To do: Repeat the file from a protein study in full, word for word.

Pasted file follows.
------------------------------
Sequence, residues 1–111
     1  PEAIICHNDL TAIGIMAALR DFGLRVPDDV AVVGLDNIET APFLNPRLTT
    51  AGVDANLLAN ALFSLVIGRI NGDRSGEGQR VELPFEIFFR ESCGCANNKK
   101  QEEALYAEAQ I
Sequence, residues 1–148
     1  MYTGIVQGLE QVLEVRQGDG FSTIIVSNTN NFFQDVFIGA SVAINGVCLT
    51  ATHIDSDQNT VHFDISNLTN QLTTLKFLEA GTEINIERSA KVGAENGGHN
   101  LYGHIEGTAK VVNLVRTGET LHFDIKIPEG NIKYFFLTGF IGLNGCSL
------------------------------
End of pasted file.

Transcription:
Sequence, residues 1–111
     1  PEAIICHNDL TAIGIMAALR DFGLRVPDDV AVVGLDNIET APFLNPRLTT
    51  AGVDANLLAN ALFSLVIGRI NGDRSGEGQR VELPFEIFFR ESCGCANNKK
   101  QEEALYAEAQ I
Sequence, residues 1–148
     1  MYTGIVQGLE QVLEVRQGDG FSTIIVSNTN NFFQDVFIGA SVAINGVCLT
    51  ATHIDSDQNT VHFDISNLTN QLTTLKFLEA GTEINIERSA KVGAENGGHN
   101  LYGHIEGTAK VVNLVRTGET LHFDIKIPEG NIKYFFLTGF IGLNGCSL